U.S. House of Representatives sides with marriage equality
With limited GOP support, the U.S. House of Representatives gives passage to the Respect for Marriage Act
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This week, the U.S. House of Representatives passed the Respect for Marriage Act, which would codify protections for same-sex marriage. Rep. Jerrold Nadler (D) of New York, the bill’s sponsor, introduced the measure on July 19 with the support of 179 cosponsors, all Democrats.
On July 19, the measure was put to a vote and passed on a 267-157 margin with seven members abstaining, a clear majority necessary to make passage to the Senate floor, represented by a bipartisan roll call.
“Since I first filed the bill over a decade ago, the fight for marriage equality has seen many highs and lows, but perhaps none more frightening than the current threat posed by SCOTUS,” wrote Nadler on Twitter following the bill’s passage in the House.
Why it matters
The Roe v Wade ruling by the Supreme Court sent aftershocks around the country beyond severing a birthing person’s capacity to access reproductive health without facing punitive charges at the state level.
Although the SCOTUS opinion, first leaked by POLITICO states that “[n]othing in this opinion should be understood to cast doubt on precedents that do not concern abortion,” many have rising concerns about the court’s legal reasoning bleeding into other landmark rulings, such as Obergefell v. Hodges.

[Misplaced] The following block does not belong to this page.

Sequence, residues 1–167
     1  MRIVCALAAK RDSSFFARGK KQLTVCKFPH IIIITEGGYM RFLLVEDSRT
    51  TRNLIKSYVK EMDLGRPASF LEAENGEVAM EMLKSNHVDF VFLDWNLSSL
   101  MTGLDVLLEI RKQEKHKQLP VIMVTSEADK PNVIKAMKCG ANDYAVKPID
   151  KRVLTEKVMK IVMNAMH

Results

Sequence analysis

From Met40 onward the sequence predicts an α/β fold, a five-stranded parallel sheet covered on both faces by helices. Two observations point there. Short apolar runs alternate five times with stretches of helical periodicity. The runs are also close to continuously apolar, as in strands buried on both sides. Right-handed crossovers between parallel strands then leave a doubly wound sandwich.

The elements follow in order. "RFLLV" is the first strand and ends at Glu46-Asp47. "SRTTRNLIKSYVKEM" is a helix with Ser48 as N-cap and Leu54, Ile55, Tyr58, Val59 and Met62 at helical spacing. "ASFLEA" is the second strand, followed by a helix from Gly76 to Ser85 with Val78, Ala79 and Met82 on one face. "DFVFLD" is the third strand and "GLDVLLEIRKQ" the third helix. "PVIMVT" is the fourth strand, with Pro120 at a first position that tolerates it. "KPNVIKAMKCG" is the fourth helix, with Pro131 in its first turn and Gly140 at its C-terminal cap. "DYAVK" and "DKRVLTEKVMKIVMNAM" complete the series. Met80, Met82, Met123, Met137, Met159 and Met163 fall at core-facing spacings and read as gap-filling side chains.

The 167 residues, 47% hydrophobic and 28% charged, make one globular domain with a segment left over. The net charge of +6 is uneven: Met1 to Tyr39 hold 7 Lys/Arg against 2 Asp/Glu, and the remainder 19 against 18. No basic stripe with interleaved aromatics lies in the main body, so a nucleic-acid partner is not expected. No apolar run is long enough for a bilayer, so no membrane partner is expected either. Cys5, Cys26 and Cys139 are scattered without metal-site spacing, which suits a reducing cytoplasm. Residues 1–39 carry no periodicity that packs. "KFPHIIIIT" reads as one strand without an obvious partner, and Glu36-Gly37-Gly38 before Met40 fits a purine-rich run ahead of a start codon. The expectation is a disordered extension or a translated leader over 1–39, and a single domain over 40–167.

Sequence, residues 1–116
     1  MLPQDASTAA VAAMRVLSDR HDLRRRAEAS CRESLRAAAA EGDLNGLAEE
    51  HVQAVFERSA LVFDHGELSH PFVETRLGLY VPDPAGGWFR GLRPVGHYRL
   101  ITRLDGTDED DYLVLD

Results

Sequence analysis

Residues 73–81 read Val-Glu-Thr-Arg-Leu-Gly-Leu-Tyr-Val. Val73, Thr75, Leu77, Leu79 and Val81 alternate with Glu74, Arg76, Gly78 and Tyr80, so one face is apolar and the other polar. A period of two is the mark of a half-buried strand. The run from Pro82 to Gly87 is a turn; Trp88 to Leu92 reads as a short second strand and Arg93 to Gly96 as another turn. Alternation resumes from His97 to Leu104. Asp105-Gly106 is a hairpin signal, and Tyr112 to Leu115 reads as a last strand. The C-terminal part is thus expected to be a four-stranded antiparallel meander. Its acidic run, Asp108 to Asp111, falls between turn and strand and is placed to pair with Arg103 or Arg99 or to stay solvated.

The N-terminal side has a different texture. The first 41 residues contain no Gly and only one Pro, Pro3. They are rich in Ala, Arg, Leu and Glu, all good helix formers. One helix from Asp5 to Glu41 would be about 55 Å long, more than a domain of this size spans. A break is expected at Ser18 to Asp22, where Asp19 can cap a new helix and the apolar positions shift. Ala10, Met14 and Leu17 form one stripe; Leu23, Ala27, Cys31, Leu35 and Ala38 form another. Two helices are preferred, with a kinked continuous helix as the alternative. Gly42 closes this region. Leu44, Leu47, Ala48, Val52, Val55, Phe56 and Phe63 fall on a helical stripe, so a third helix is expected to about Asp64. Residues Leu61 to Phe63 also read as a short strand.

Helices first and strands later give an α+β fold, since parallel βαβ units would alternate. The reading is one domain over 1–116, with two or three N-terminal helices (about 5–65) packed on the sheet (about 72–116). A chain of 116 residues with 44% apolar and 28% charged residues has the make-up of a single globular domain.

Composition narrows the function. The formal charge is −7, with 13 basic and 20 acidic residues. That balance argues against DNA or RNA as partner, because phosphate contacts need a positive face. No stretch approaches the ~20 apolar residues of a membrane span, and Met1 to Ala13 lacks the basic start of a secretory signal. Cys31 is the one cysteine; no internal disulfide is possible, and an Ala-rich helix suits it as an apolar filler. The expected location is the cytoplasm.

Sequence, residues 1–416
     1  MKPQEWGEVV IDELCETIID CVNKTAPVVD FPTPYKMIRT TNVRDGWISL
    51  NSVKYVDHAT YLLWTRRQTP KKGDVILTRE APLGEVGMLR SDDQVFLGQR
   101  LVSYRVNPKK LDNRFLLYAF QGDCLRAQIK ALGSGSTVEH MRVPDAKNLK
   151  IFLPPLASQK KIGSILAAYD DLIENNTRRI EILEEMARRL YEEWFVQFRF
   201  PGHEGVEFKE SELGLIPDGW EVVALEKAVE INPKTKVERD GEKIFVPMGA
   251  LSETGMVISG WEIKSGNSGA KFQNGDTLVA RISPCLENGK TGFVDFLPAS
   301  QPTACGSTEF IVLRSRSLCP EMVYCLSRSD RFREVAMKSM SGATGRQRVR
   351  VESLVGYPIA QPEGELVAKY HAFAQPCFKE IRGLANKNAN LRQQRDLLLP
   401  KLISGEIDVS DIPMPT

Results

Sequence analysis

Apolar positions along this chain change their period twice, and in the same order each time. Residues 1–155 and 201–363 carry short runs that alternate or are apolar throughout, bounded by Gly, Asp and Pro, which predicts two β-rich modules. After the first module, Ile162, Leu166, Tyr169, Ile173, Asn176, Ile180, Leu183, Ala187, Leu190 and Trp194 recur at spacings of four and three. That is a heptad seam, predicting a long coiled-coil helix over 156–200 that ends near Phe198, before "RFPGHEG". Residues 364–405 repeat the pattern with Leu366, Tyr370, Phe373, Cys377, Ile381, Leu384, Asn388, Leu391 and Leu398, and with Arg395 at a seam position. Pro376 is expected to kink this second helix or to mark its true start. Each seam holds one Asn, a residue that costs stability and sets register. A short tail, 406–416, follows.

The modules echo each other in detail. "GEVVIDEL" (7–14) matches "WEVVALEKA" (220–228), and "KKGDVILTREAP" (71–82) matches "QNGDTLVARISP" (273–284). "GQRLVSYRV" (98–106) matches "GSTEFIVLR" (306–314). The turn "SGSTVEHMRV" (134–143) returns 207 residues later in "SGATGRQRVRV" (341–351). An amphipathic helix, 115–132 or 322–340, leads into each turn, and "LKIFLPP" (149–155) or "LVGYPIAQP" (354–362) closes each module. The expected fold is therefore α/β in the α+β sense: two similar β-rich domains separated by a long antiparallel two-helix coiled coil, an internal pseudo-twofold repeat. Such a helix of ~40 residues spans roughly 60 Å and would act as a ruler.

In his own majority opinion, Justice Clarence Thomas wrote that the legal rationale for settling Roe could be applied to other landmark rulings, such as same-sex consensual sex, access to contraception medication, and gay marriage.
Obergfell at a glance
The Obergefell ruling protects the right to same-sex marriage, and the right to a marriage license to be issued by any state, whereas the Respect for Marriage Act would cement this matter into law.
U.S. Democrats mobilize government
With established cases put into question by further judicial reach, Democrats at state and federal levels are rallying to enshrine rights not included in the constitution.
Democratic states, Pennsylvania among them, are struggling to block attempts to undermine fundamental rights in state legislatures, whereas the federal government’s steps may send a nationwide message.
Many state-level outcomes will rely on the midterm elections, which could prove decisive for critical legislation regarding abortion, same-sex marriage, immigration, and transgender rights.
Marriage Equality under the law
Though a historic act for same-sex protections, it remains unclear whether or not the Senate will rally the necessary Republican support for the bill’s viability under the law.
The bill will need at least 10 Republican votes in the Senate to be successfully codified.